Monolithic zirconia crown preparations can be done with preparations similar to gold.37,38 The ideal tooth preparation for monolithic zirconia is 1 mm to 1.5 mm of occlusal clearance, 3 mm to 4 mm axial wall height, and a finish line of 0.5 mm chamfer. Since there is no need for additional reduction to make room for layering porcelain, a more conservative preparation can be done than for PFM crowns or other layered all-porcelain restorations.39 Feather-edge margins are acceptable depending upon laboratory skill but there is more potential for restoration overcontouring. A sound, fundamental preparation done with 4 to 8 degrees of taper and consistent, easily identifiable margins will make design, insertion, and longevity more predictable.

In this case, depth cuts and interproximal slices were made in a single intraoral trip with a 330 bur, which normally has cutting flutes 1.5-mm to 2-mm deep (Figure 4). The axial walls were then reduced with minimal taper to a 0.5-mm to 1-mm chamfer margin using a tapered 0.7-mm-diameter diamond (Figure 5). Preparations were kept supragingival where possible and distinct margins were seen around the entire preparation, making digital impression capture and design much more efficient (Figure 6).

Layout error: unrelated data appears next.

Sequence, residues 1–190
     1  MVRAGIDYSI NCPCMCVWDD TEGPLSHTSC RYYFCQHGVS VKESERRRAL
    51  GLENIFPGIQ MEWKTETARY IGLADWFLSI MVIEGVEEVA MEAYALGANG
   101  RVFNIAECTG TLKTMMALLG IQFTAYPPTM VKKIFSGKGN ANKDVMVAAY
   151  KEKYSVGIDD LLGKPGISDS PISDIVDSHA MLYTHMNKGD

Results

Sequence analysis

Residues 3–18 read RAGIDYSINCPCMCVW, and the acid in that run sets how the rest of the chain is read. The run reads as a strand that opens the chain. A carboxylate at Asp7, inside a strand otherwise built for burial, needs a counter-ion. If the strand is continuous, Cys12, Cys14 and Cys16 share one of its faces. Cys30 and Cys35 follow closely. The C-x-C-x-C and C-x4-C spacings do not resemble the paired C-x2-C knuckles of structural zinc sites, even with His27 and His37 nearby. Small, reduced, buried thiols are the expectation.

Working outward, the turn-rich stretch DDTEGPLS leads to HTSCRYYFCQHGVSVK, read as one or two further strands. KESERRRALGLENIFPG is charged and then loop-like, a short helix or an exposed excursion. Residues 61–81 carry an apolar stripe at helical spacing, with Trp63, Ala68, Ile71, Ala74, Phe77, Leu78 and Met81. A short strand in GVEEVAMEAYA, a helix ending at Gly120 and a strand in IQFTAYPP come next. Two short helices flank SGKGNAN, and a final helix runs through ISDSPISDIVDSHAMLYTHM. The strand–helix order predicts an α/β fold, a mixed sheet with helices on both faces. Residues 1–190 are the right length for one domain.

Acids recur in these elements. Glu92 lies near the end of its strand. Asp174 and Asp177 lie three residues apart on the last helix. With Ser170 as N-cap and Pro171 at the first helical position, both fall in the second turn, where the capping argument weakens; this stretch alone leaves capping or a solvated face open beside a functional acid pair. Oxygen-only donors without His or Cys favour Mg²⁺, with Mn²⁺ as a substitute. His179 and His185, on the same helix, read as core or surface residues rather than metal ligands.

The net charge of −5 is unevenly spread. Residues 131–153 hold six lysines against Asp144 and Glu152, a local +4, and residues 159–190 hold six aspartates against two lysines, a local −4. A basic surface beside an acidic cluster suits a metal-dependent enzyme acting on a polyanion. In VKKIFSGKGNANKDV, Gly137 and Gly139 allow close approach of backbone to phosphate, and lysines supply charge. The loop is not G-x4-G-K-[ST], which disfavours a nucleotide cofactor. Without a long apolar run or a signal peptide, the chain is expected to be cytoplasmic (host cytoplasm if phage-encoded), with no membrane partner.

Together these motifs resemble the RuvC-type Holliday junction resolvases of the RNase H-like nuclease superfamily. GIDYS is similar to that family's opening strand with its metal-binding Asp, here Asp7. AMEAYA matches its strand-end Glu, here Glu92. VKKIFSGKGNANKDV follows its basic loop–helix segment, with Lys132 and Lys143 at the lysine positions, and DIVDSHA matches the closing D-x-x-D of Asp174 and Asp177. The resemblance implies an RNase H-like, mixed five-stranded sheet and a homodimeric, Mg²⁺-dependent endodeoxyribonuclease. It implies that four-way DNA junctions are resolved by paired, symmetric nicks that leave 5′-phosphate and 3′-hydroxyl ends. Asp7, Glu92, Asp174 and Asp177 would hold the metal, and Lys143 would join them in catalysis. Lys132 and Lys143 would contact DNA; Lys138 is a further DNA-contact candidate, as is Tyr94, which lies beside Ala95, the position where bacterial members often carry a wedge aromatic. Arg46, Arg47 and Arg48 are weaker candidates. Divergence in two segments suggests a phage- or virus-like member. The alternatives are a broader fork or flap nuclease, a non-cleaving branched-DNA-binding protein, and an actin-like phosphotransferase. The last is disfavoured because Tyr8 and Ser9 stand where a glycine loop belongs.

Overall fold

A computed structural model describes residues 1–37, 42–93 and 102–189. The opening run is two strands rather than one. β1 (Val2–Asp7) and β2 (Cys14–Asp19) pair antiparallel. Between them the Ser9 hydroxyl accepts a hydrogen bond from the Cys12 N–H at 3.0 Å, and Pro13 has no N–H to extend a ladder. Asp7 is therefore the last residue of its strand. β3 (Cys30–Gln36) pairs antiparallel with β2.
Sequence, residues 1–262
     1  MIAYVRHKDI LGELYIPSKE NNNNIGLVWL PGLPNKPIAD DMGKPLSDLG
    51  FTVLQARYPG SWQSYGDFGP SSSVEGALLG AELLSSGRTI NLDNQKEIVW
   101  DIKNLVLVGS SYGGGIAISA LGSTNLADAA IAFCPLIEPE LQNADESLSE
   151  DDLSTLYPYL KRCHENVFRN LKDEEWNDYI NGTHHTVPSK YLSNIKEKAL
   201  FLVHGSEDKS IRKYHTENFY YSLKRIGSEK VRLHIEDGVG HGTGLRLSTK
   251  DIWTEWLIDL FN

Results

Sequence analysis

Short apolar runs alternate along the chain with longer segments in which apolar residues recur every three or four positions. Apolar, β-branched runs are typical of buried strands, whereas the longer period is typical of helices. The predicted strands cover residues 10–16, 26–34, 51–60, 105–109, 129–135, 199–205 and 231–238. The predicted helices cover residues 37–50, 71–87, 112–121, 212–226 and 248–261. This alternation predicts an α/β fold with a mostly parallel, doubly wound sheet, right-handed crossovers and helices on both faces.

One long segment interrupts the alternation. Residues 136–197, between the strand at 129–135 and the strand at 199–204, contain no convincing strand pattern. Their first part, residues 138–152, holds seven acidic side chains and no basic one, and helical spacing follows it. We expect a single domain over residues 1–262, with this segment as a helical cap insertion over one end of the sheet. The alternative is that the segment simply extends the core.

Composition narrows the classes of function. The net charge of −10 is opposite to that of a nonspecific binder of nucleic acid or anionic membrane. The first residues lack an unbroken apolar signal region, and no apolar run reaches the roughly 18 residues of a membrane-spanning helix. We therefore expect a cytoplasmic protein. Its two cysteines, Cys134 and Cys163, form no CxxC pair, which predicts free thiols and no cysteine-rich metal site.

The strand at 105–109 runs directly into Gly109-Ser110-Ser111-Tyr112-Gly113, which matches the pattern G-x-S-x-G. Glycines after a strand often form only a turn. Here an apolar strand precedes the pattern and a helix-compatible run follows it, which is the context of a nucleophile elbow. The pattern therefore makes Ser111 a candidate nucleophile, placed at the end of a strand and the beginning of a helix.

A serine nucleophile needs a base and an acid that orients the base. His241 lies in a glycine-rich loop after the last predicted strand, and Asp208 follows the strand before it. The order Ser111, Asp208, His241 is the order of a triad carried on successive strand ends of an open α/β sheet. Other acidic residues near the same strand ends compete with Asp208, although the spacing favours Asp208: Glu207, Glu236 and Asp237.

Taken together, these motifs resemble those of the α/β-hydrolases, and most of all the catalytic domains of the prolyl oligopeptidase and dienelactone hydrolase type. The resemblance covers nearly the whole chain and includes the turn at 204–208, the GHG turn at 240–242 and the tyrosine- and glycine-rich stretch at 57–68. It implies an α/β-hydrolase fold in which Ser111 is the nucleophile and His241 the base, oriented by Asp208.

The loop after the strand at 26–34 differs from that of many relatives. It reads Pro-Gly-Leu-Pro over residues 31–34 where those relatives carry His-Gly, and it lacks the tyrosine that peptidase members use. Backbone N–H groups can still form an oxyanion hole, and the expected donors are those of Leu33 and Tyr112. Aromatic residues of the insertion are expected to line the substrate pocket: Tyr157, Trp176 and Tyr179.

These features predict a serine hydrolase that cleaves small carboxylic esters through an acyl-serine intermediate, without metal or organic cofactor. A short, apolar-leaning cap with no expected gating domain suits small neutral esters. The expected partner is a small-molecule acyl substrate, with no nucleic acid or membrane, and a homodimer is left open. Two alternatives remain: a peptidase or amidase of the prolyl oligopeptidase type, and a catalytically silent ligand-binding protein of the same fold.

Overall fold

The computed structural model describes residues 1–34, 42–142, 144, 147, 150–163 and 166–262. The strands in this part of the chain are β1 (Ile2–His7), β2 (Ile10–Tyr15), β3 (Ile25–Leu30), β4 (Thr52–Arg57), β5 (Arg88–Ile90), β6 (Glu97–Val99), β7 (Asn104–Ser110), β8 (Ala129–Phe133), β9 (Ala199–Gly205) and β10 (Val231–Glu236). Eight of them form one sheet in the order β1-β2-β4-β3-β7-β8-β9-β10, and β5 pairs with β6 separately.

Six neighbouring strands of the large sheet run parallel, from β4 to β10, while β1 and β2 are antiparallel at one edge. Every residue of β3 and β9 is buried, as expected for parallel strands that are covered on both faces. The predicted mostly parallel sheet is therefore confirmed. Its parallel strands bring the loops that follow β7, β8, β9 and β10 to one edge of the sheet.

Digital Impression: Accuracy, No Stone, Fast Turnaround

Monolithic zirconia crowns with digital impressions are ideal for office efficiency and restoration success. Laboratories use computer-aided design/computer-aided manufacturing (CAD/CAM) systems to fabricate these restorations and either receive a digital impression from the dentist or digitize a conventional impression sent to them. For this patient, a digital impression of the preparation was captured using CEREC® AC (Sirona, www.cereconline.com) along with the opposing teeth and bite registration (Figure 7). The models were inspected in the software just minutes after final preparation (Figure 8). The CEREC software allowed for accurate virtual articulation of the models without the distortion seen with impression materials, bite trays, and stone (Figure 9).

After identification of the restoration models, the restorations were uploaded to the laboratory via Sirona Connect (www.cerec-connect.com) (Figure 10). The shade and characterization were typed into the digital prescription, which was sent with the case electronically to the laboratory.